The Domestication of Cats

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Podcast Transcript

Dogs and cats are both domesticated, four-legged, fur-bearing mammals. 

Beyond that, they really don’t have much in common. One of the things that they don’t have in common is how they wound up in the lives of humans. 

Cats established their relationship with humans at a totally different point in history and for a totally different reason. 

Learn more about the domestication of cats and how these wild animals wound up as pets on this episode of Everything Everywhere Daily.

To understand domesticated cats, you first have to understand the animal that they came from, the wildcat. 

Wildcats are cats that look very similar to some domesticated cats. They are roughly the same size, and if you saw a wildcat in the wild, you might assume that it was just a domesticated cat that was on the loose. 

Taxnomocally, cats are members of the family Felidae.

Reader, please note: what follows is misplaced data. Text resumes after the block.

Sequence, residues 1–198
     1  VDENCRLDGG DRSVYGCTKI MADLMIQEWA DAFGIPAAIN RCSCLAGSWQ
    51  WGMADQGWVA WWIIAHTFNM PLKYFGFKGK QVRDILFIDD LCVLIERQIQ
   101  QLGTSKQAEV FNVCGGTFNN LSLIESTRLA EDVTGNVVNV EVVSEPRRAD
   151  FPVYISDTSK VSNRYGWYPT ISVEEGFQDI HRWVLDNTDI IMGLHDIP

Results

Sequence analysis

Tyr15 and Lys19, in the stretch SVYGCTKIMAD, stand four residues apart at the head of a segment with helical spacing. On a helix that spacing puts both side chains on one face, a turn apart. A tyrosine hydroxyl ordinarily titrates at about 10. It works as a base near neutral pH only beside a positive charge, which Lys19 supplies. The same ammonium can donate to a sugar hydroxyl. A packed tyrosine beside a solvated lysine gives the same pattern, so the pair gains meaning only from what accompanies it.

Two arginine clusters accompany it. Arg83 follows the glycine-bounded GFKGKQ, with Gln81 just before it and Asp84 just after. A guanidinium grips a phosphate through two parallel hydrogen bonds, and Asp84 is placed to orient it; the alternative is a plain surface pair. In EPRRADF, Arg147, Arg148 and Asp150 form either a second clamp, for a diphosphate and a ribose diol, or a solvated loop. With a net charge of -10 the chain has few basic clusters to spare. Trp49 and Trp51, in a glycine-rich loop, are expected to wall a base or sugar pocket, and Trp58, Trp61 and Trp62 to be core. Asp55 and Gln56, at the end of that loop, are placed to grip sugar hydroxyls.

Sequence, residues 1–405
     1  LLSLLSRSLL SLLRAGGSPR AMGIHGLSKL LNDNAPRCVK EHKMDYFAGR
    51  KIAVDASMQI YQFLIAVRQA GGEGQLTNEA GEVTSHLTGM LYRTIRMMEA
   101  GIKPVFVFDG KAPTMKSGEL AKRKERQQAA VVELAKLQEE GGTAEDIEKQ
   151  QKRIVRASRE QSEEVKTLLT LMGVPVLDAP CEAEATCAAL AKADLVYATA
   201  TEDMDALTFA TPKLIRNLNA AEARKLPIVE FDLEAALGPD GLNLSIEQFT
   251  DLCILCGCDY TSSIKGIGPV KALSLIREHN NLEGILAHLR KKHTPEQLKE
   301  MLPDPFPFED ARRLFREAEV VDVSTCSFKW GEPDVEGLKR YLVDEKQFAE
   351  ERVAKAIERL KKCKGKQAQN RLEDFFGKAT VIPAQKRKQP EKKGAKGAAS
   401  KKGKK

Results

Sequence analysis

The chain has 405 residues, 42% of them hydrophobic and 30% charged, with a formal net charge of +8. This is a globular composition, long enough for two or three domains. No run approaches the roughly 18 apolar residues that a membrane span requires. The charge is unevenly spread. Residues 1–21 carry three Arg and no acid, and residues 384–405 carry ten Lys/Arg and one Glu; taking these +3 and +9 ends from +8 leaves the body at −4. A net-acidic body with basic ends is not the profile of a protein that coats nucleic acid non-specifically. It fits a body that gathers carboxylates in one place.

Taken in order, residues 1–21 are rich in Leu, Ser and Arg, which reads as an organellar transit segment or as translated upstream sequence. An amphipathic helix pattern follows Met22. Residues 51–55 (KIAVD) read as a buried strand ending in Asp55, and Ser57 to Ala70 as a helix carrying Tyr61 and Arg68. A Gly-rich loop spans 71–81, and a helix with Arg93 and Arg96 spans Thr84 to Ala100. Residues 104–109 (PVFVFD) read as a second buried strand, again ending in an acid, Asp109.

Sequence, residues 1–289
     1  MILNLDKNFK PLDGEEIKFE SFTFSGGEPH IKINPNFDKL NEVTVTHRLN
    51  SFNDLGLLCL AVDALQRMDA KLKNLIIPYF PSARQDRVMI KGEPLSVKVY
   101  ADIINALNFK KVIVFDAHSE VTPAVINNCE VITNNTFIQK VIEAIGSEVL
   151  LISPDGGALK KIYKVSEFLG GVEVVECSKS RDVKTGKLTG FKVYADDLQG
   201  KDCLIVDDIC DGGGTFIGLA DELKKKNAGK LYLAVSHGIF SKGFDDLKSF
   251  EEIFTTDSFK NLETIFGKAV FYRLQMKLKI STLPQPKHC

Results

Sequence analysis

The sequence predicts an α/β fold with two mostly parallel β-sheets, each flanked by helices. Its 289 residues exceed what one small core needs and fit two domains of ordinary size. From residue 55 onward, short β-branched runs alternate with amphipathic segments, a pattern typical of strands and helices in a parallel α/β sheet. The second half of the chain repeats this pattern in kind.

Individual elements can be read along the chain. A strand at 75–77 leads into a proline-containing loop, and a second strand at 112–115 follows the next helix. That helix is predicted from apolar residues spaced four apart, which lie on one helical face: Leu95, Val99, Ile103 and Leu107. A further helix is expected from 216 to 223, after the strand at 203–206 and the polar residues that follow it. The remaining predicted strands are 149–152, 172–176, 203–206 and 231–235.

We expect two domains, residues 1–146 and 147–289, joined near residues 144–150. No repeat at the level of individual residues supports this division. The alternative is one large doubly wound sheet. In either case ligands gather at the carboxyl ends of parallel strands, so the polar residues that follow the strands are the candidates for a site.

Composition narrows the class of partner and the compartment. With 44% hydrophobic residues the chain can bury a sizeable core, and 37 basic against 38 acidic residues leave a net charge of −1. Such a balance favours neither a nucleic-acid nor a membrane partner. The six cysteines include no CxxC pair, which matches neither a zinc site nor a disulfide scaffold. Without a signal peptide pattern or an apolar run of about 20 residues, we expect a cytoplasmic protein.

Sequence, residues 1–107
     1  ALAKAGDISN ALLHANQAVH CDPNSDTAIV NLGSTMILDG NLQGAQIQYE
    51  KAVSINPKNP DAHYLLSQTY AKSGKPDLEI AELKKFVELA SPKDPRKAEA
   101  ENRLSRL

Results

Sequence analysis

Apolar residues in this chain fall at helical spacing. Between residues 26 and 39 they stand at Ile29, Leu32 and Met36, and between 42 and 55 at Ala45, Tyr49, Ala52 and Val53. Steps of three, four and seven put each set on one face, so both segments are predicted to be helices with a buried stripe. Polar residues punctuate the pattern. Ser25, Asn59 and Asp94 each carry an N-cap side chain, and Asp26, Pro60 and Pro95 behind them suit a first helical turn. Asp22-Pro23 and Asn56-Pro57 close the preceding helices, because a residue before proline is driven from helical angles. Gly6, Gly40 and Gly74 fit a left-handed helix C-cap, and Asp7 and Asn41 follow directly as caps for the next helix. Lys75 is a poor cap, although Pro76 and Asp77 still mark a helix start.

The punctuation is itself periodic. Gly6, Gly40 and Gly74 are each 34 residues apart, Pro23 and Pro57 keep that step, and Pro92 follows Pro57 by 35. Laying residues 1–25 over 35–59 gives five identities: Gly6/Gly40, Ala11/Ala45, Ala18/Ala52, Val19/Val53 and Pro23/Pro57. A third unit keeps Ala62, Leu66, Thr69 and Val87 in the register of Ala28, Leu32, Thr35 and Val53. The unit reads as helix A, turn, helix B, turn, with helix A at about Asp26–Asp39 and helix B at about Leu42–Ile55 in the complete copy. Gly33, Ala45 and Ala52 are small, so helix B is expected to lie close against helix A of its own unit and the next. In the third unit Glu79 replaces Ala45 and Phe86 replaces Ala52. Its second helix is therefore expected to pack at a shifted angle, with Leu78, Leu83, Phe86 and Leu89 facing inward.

Felidae has three genera.

The first genus is Panthera, which consists of all large cats that can roar. This includes lions, tigers, leopards, snow leopards, clouded leopards, and jaguars.

The second genus is Acinonyx, which consists only of cheetahs. 

The third and final genus is Felis, which consists of all smaller cats, including wildcats.

Wildcats consist of two species: the African wildcat and the European wildcat. Both cats look similar to each other, and there are multiple subspecies of wildcat which are located all over Africa, the Middle East, parts of Iran, India, Central Asia, China, and Europe. 

Some taxonomists do consider the various subspecies to be different species, but it is hard to create a hard division because where wildcat subspecies interact, they tend to breed with each other. 

Wildcats, as you could probably guess, are silent hunters that prey on small animals such as rodents and birds. 

The story of how wildcats ended up living with humans is a very different story than that of dogs. 

Dog domestication predates cat domestication by thousands of years. While the first dogs may have wandered close to humans for food, humans ultimately took an active role in domesticating dogs to use them in hunting, security, and as pack animals. 

If you remember back to my episode on the domestication of dogs, dogs may have come into the lives of humans 20,000 to 40,000 years ago. 

The story of cats and humans is much more recent.  It didn’t have anything to do with humans as hunters, rather, it had everything to do with humans as farmers.